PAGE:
Bankruptcy Law

Reclamation Not A Basis For Administrative Claim Post-BAPCPA

By Michael Enright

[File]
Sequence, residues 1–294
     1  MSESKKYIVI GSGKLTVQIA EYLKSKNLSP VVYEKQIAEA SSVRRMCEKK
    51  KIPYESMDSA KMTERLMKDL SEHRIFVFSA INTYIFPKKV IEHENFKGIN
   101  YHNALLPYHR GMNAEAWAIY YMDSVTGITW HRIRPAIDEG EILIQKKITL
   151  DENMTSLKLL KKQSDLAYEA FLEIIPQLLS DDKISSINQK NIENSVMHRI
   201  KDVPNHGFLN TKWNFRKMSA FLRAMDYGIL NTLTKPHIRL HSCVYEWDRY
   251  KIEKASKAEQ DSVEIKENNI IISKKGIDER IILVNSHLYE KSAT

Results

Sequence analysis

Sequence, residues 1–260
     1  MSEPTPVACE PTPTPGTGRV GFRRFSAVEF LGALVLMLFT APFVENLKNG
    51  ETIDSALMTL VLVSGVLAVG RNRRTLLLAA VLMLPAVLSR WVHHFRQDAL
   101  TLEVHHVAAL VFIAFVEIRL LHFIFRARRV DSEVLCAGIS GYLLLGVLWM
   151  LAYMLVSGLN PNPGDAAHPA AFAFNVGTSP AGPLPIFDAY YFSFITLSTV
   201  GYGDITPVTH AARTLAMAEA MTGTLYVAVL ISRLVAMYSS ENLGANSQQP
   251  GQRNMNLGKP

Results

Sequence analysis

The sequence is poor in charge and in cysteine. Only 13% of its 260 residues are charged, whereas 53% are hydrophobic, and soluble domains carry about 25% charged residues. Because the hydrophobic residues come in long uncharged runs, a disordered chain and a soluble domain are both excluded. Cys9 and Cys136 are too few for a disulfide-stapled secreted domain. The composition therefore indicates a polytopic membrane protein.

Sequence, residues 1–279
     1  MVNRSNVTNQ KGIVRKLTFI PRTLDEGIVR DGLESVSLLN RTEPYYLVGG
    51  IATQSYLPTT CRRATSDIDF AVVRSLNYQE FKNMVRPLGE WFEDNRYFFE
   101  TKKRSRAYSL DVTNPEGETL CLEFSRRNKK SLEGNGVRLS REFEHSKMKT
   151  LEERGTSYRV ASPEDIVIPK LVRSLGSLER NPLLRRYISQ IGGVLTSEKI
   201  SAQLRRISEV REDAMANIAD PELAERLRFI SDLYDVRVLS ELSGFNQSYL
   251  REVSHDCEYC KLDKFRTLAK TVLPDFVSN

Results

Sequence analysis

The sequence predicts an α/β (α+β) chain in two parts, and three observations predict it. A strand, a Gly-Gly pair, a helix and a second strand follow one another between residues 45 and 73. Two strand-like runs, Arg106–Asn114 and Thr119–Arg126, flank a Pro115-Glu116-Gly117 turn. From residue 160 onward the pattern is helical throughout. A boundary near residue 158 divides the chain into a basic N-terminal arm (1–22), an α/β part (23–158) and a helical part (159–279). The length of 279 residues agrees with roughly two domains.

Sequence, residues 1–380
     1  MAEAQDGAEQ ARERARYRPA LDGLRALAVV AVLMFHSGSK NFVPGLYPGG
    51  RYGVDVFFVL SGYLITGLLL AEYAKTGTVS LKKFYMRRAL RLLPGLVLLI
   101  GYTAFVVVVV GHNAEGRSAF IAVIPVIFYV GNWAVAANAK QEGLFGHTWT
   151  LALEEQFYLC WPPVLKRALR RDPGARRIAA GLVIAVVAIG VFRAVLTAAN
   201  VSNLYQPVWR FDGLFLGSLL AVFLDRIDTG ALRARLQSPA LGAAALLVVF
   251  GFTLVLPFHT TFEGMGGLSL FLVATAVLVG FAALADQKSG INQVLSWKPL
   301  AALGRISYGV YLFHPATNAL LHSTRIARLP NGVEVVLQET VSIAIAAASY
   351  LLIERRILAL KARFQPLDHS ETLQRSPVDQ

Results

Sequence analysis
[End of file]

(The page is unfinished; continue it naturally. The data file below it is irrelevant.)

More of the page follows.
The enactment of the Bankruptcy Abuse Prevention and Consumer Protection Act of 2005 (“BAPCPA”) greatly impacted the treatment of claims for the reclamation of goods delivered pre-petition, pursuant to Section 2-702 of the Uniform Commercial Code. Prior to BAPCPA, the onset of a retail chapter 11 case typically was met with an onslaught of reclamation demands, seeking either return of recently delivered goods or the allowance of an administrative claim for the value of goods which were subject to a valid reclamation demand. Recently, the issue was revisited in Matter of Specialty Shops Holding Corp., Case No. 8:19CV405 (D. Neb. July 24, 2020), when a reclaiming supplier of goods to a bankrupt retailer asserted a large administrative claim against the debtors based on its reclamation rights.  The supplier asserted that although the BAPCPA revisions to section 546(c) eliminated the language that traditionally provided a path to allowance of an administrative claim for a reclaiming vendor, because the current version of § 546(c) does not expressly prohibit an administrative claim in place of reclamation, the Bankruptcy Court erred in denying one. The Court disagreed, observing that the “plain, post-BAPCPA language in § 546(c) makes clear it requires no such claim.” The Court also dismissed alternative arguments by the supplier that the reclamation should be compensable as an administrative claim because the secured creditors released their liens on the proceeds of those goods. The Court noted that the secured creditors’ consent to the use of cash collateral from the sale of the goods, without a showing of the existence of available, traceable proceeds for satisfaction of the supplier’s reclamation claim, did not provide a basis for allowance of an administrative claim.  Fifteen years and counting post-BAPCPA, vendors continue to argue creatively about reclamation rights, but with little success, and the window seems to be closing (or to be already closed) on the viability of such claims.




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